Buttermilk has been a staple in many cultures for centuries, with each culture having its own unique spin on this timeless liquid. At its most basic level, buttermilk is a fermented dairy product made from the liquid residue of churning butter. Buttermilk has a thick, creamy texture and tangy, slightly sour flavor and aroma. It is ideal for baking, cooking, and as a refreshing, probiotic-rich drink.
Buttermilk has a long and winding history. The term is believed to have originated in Britain in the 1700s, when the naturally occurring lactic acidic bacteria found in butter would cause butter to curdle into a thick liquid called "butter-milk", which would then be consumed as a beverage. This tradition eventually spread to the United States, Canada, and many other countries, who each developed their own variations of the product.
In the United States, buttermilk usually refers to millk that has been soured through the use of lactic acid bacteria such as lactococcus lactis, lactobacillus bulgaricus, and leuconostoc citrovorum. The bacteria feeds on the natural sugars and starches in the milk, producing lactic acid which in turn curdles the milk and gives it a thick texture and tangy flavor. Buttermilk can also be produced through various other methods, including culturing heated milk, or adding a commercially available starter culture to the milk.
Buttermilk is widely used in cooking and baking. The acidity of the buttermilk helps break down gluten proteins, resulting in tender and fluffy cakes, muffins, scones, and pancakes. It also adds moisture and flavor to savory dishes such as sauces, salad dressings, and marinades. Buttermilk is commonly used in the Southern United States to make biscuits, cornbread, and fried chicken.
Buttermilk nutrition is surprisingly rich in both proteins and healthy fats as well as certain vitamins and minerals. Each 1 cup serving contains roughly 90 calories, 8 grams of protein and 8 grams of fat, along with several essential vitamins and minerals. While the nutritional profile of traditional buttermilk is largely the same as low-fat buttermilk, many people find the full-fat variety to be creamier and more flavorful.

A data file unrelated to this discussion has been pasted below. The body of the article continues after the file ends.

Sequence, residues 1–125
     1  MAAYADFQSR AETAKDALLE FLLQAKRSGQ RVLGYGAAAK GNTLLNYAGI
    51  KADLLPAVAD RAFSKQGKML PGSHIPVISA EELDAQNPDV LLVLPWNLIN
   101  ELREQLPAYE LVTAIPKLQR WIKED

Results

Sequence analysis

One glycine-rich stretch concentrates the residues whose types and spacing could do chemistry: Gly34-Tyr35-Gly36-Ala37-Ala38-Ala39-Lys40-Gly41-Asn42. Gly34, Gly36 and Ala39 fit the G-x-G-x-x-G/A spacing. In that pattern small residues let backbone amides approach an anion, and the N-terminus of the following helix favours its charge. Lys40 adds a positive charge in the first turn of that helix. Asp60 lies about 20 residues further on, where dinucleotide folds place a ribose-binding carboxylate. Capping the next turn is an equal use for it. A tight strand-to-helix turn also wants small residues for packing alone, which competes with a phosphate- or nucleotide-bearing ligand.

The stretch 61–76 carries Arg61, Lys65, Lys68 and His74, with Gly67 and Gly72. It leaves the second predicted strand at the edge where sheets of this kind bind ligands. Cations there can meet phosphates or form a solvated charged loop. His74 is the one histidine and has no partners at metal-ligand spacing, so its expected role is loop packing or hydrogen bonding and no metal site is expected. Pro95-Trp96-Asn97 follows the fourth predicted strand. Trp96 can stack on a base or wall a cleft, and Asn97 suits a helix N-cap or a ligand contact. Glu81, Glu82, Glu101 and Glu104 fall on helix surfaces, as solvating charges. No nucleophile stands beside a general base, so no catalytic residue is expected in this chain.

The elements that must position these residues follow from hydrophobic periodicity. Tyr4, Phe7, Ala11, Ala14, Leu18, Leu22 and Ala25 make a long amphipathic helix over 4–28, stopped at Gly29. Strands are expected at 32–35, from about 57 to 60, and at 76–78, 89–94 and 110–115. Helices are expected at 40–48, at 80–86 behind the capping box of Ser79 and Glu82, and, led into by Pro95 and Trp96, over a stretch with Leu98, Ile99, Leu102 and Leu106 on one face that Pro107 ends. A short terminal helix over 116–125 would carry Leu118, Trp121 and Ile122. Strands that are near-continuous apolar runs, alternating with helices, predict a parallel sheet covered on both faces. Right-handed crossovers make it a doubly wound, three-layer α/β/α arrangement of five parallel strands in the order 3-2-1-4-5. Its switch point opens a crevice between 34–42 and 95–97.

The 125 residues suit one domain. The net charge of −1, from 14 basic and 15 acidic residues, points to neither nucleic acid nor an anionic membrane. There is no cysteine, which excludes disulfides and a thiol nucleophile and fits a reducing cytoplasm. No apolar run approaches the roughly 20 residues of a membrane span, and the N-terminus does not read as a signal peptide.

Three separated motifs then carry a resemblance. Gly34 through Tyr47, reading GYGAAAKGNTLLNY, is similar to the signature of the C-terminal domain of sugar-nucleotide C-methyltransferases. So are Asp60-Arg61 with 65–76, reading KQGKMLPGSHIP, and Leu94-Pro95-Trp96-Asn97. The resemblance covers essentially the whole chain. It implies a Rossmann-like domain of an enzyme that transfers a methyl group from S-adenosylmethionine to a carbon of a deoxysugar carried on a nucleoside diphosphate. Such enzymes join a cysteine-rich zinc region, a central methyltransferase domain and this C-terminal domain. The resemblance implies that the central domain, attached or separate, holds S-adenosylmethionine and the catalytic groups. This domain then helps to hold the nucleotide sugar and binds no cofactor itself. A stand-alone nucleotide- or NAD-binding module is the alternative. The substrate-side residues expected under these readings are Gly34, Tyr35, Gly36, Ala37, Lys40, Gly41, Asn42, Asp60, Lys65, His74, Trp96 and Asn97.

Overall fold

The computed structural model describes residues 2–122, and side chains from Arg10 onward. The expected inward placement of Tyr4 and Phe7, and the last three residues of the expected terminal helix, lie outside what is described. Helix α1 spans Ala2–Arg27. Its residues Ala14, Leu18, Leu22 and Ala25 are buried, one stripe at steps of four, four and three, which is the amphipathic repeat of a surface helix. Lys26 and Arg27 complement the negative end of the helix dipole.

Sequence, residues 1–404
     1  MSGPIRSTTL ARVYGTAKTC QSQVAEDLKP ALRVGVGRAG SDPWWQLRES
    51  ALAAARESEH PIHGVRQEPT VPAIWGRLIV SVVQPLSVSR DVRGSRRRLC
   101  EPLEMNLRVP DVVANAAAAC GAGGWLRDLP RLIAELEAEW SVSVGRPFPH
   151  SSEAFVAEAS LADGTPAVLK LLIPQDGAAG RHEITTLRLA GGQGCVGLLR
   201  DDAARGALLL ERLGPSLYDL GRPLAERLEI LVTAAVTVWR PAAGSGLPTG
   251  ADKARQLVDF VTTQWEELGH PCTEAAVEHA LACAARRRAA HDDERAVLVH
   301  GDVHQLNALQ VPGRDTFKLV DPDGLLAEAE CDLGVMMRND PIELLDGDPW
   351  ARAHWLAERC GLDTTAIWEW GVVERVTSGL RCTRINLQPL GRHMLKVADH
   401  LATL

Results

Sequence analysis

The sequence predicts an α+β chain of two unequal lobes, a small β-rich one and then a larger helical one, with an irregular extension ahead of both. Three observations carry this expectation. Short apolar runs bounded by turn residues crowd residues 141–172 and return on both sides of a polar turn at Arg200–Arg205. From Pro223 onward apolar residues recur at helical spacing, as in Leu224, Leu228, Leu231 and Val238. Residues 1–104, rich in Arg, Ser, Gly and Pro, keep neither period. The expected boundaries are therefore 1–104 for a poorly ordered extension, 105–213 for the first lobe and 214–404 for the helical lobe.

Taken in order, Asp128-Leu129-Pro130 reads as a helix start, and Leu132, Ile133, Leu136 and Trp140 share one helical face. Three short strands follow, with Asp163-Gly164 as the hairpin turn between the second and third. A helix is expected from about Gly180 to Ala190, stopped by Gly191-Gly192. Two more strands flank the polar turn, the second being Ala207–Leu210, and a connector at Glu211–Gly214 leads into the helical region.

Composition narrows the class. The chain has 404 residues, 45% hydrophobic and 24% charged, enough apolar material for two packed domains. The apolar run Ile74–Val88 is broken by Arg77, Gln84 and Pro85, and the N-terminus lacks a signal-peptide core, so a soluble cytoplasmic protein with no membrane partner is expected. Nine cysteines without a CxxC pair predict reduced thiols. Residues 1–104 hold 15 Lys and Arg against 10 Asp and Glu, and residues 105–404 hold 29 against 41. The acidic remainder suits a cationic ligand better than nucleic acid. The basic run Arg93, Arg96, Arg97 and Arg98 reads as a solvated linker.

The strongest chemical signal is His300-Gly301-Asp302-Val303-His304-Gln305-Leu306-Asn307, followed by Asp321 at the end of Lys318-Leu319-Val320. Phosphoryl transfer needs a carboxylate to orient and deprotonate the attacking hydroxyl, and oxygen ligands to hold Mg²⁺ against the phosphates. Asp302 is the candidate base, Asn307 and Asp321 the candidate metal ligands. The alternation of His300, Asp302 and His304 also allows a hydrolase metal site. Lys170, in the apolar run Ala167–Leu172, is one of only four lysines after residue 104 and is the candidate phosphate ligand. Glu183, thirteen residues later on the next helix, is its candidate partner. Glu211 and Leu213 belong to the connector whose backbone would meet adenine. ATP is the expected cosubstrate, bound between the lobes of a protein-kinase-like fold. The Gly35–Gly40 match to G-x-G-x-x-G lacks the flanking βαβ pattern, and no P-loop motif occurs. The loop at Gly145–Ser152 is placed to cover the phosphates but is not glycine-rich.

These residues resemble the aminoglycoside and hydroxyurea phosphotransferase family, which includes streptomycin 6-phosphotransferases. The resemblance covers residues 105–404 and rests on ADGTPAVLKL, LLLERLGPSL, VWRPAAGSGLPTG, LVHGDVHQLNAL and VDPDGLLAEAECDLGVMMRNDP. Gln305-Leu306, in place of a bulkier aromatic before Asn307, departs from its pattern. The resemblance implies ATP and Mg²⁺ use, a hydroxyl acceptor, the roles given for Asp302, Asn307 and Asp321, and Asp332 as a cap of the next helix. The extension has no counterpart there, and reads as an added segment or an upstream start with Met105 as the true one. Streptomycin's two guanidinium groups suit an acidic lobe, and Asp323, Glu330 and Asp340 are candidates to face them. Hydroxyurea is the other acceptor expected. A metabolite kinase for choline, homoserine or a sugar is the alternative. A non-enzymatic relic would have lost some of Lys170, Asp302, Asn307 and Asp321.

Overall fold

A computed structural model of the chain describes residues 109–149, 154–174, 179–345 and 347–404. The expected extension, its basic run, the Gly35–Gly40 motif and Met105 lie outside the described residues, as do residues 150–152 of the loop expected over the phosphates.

Buttermilk is a versatile ingredient and can be readily swapped in place of other dairy products such as yogurt, sour cream, or even heavy cream. It’s also an ideal substitute for regular milk in recipes as its natural acidity helps to tenderize ingredients, resulting in a flavorful and light finished product. For example, you could use buttermilk in place of regular milk in pancakes and waffles for a slightly tangy and extra fluffy end result.
In recent years, buttermilk hasn’t simply been limited to baking and cooking recipes; it is increasingly being used as a drink as well. It is rich in probiotics, the beneficial bacteria which promotes healthy digestion and immunity, and has a naturally sweet and creamy taste. Non-dairy versions of buttermilk, such as almond or oat milk, are also becoming increasingly popular due to their nutty, subtly sweet flavor.
Buttermilk definitely lives up to its reputation as a versatile ingredient, boasting a range of interesting flavors and textures. Whether you’re using it to enhance your favorite dessert, drink up its probiotic benefits, or try something new and creative, buttermilk is sure to please.
Buttermilk: From the Dairy Cow to Your Dinner Table
What is buttermilk? The thick, creamy liquid is most commonly found in baking recipes, particularly biscuits, pancakes, and even various batters for frying foods. You may be surprised to find that the versatile ingredient has a long and fascinating history, from its traditional production methods to its modern applications on dinner tables around the world. In this article, we'll take a look at the journey from dairy cow to dinner plate when it comes to buttermilk.
The origin of buttermilk dates back centuries. For generations, the excess liquid left over during the process of churning cream into butter was given a unique identity of its own. This liquid, with a slightly acidic and sour taste, was referred to as "buttermilk" in Europe and other parts of the world. The popularity of this milk-like product only increased. In the United States, German immigrants popularized the making of a slightly different form of butter milk based off of recipes they brought with them.
In more recent times, the production of buttermilk has changed dramatically. In the early 1900's, certain manufacturers began producing commercially available buttermilk using pasteurized cows' milk and a special bacteria culture. In modern times, most buttermilk sold in supermarkets is a manufactured product made with skim milk that has been acidified naturally or with acids such as lactic acid or lemon juice.
From Farm to Dairy